Brazil is experiencing a positive economic moment. The decline of the so-called Brazil risk has made Brazil an increasingly secure market, with excellent opportunities and competitive returns in a wide range of sectors. This is particularly true of the real estate market, which was helped in part by the US sub-prime crisis which hastened the tendency for displacement of investment to other national markets.
Due to an economic culture based on years of high inflation and economic instability, Brazil had not encouraged financial leveraging in the real estate market, and the low purchasing power of the majority of the population dampened demand in this segment. Furthermore, the country’s vast territorial extent did not require the creative solutions that lack of space imposes in certain markets. Thus, until recently, Brazil’s property market was relatively underdeveloped, marked by low complexity of transactions and limited diversity of products. However, with the stabilisation of the currency, Brazil’s economic scenario changed to one of solid growth.
As mentioned, the Brazilian property market was not negatively affected by the sub-prime crisis; in fact the exact opposite occurred. Recent legal changes providing greater security for creditors, the creation of more sophisticated investment mechanisms and the need for infrastructure and housing projects have made the time ripe for progress. Foreign investors first sought out real estate opportunities in large metropolitan regions, then expanded to neighbouring cities (especially in the southeast) before turning to look for opportunities elsewhere in the country.
A market ripe for development
Although much foreign investment has been concentrated in the southeast of Brazil, the notorious housing deficit in other regions and the relative shortage of land and associated high prices per square metre in this region have contributed to shift people and investments to other regions, particularly to medium-sized cities.
According to a study by the Institute of Applied Economic Research (Instituto de Pesquisa Econômica Aplicada, or IPEA), a government-sponsored think tank, medium cities – those with populations of between 100,000 and 500,000 – increased their share of national wealth from 26.07% to 27.35% between 2002 and 2005 while the GDP share of large metropolitan regions and cities declined from 43.34% to 41.70%.
This factor has affected the real estate market in various segments. Surveys show that the launch of new residential projects has been surging in regions of the state of São Paulo outside the capital city’s greater metropolitan region, driven by the migration of firms, increased income in medium cities and lack of good land for undertakings in the capital. Another reflection of these trends is the spreading construction of shopping centres throughout Brazil in less populous regions, in cities with more than 150,000 inhabitants, significantly increasing the opportunities for investment in these ventures.
The larger volume of credit available from financial institutions at more palatable interest rates has spurred mortgage lending to people in more varied social segments, enabling a whole new contingent of families to own homes.
The security of these transactions is much improved for all those involved. The enhanced contractual guarantee mechanisms, such as fiduciary assignment (trust deed) established by Law 9,514/1997, now facilitate repossession without requiring a judicial foreclosure process. This has been particularly important given Brazil’s slow courts. In this respect, less protection of borrowers has helped them as a class, since the greater protection of creditors has made banks more willing to lend, and at lower spreads. Finally, the realty market has been greatly favoured by creation of the regime of separate assets and liabilities for real estate development projects. By ring-fencing these undertakings, this regime prevents problems involving one project from affecting a developer’s other projects. (Passage of this law was largely in response to the bankruptcy of a large national property developer.)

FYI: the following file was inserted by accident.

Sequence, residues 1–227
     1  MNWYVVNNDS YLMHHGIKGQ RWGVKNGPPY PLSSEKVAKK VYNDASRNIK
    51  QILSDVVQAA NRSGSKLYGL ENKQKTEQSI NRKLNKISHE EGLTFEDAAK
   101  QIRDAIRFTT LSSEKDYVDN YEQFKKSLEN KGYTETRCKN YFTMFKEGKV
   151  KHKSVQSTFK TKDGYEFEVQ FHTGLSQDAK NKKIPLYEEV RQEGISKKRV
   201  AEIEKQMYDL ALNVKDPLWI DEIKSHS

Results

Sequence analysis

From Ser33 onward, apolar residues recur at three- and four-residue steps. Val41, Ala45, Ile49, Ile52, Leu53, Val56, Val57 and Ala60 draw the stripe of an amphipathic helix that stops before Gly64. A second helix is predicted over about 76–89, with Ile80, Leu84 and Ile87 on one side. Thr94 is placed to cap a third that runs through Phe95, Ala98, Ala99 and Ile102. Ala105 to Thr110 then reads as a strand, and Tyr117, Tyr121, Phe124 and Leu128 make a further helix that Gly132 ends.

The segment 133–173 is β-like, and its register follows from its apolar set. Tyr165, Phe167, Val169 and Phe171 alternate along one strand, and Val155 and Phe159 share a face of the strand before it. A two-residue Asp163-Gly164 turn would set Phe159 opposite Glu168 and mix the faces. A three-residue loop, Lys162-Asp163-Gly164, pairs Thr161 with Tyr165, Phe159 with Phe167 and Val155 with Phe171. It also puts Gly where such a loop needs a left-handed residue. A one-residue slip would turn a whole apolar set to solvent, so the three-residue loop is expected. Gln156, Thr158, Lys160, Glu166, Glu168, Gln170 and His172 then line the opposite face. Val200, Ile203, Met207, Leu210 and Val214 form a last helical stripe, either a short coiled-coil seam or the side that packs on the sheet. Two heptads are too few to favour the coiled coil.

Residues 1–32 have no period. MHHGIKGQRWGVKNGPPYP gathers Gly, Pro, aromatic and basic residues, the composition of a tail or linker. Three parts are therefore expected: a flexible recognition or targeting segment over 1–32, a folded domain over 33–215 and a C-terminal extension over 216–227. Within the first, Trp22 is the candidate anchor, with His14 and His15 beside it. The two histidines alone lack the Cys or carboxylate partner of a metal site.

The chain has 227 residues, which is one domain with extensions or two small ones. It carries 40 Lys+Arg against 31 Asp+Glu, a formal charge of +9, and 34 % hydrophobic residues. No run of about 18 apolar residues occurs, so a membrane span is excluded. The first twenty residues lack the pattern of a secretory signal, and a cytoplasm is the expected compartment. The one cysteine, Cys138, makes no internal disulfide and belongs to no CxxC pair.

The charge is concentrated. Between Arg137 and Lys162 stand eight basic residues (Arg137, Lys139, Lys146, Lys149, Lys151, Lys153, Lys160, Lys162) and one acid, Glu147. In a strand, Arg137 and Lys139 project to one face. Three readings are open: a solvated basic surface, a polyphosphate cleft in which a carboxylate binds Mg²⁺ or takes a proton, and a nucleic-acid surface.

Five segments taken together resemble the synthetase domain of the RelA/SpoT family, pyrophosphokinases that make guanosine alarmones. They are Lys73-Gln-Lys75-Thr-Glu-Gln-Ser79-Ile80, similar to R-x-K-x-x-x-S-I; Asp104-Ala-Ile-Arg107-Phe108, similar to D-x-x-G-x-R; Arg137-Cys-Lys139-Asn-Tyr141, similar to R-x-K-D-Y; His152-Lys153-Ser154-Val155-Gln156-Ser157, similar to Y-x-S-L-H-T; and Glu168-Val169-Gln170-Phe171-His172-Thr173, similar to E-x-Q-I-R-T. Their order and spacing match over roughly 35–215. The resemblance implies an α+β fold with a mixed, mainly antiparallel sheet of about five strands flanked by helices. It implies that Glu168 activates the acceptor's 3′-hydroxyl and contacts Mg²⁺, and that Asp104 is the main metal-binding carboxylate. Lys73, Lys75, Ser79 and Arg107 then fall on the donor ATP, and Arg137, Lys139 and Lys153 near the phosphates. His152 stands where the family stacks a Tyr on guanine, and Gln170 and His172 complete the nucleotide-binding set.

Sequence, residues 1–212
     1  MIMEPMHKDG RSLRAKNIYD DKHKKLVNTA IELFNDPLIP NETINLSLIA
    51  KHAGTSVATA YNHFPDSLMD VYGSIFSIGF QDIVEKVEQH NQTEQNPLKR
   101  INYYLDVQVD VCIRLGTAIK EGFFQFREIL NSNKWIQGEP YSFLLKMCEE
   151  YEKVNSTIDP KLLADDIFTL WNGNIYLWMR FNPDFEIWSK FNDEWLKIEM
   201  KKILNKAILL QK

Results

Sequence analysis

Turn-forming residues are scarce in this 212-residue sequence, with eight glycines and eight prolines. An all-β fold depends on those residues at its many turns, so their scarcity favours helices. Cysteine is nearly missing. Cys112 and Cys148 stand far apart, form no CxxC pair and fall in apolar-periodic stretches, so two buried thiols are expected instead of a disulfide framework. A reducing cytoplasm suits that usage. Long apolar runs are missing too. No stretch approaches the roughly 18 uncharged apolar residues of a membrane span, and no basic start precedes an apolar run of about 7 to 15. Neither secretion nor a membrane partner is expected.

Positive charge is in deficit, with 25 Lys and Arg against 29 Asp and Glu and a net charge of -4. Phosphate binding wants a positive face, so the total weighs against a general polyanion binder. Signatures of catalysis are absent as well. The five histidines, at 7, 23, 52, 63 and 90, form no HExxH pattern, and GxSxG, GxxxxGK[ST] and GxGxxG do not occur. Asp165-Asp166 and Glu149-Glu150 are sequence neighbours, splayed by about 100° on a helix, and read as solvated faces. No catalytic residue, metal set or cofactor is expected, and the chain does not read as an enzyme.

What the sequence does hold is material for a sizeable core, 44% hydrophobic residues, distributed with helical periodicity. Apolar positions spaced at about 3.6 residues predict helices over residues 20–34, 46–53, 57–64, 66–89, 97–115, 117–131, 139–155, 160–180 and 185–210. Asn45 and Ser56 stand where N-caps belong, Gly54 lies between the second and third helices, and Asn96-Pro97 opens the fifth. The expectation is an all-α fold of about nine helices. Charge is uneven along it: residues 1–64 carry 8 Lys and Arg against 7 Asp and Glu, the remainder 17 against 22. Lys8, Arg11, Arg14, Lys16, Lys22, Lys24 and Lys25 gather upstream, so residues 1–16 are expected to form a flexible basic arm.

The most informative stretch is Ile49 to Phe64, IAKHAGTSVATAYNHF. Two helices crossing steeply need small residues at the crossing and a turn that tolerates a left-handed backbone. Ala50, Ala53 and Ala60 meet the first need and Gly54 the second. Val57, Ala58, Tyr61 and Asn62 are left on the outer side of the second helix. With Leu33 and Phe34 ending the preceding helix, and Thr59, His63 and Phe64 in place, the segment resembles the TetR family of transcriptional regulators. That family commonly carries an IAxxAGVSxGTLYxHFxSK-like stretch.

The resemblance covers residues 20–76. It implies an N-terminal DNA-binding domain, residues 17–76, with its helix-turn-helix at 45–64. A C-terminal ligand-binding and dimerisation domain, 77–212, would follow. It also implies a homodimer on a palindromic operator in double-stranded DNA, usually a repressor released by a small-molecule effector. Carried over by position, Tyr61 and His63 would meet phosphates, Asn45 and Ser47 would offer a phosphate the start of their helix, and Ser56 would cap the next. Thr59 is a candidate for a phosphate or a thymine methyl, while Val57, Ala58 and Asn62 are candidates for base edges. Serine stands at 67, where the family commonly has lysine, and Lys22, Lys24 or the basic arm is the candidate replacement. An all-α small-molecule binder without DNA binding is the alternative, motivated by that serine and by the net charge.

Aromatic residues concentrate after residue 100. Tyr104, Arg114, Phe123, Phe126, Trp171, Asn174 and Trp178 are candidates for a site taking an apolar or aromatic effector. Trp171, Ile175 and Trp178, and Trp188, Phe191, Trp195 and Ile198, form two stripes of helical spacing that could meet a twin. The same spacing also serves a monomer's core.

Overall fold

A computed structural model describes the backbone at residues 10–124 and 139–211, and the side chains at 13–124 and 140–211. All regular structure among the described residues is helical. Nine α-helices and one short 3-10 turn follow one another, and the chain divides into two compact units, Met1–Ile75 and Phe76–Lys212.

Another factor driving the improved housing sector and generating good investment prospects was the creation of the Minha Casa Minha Vida (My House, My Life) programme, by which approximately R$4.6 billion ($2.82 billion) has been earmarked for loans to build low-income housing. This has helped spread development of the real estate market.
Overall, real estate developers, many of them capitalised by foreign investors, have been responding to the expansion of the middle class, the arrival of credit for the lower middle class and new legal mechanisms, with a substantial number of new project launches.
This improved scenario is reflected in the statistics from Caixa Econômica Federal (CEF), a federally-owned savings and loan institution linked to the Finance Ministry, for the first quarter of 2011, during which it signed 226,381 loan agreements, involving R$14.7 billion in housing financing. Comparison with the same period in 2010, when R$14.6 billion was lent, shows maintenance of a good pace of mortgage lending.
First-quarter data also shows that CEF made an average of 3,651 new real estate loans a day, nearly 50% to families with incomes up to 10-times the minimum monthly wage (R$545), worth R$ 7.7 billion. This represents growth of 14.8% in comparison with the first three months of 2010.
In the coming years the Brazilian economy will be further boosted by important events such as the 2014 Word Cup and 2016 Olympics.
Brazilians’ new relationship with real estate investment
The way Brazilians invest their money has also been changing in recent years, because their relationship with credit has also been changing. The increasing income, more accessible credit, and particularly the strengthening of the middle class, have increased the capital available for financial investments, with greater appetite for less conservative instruments.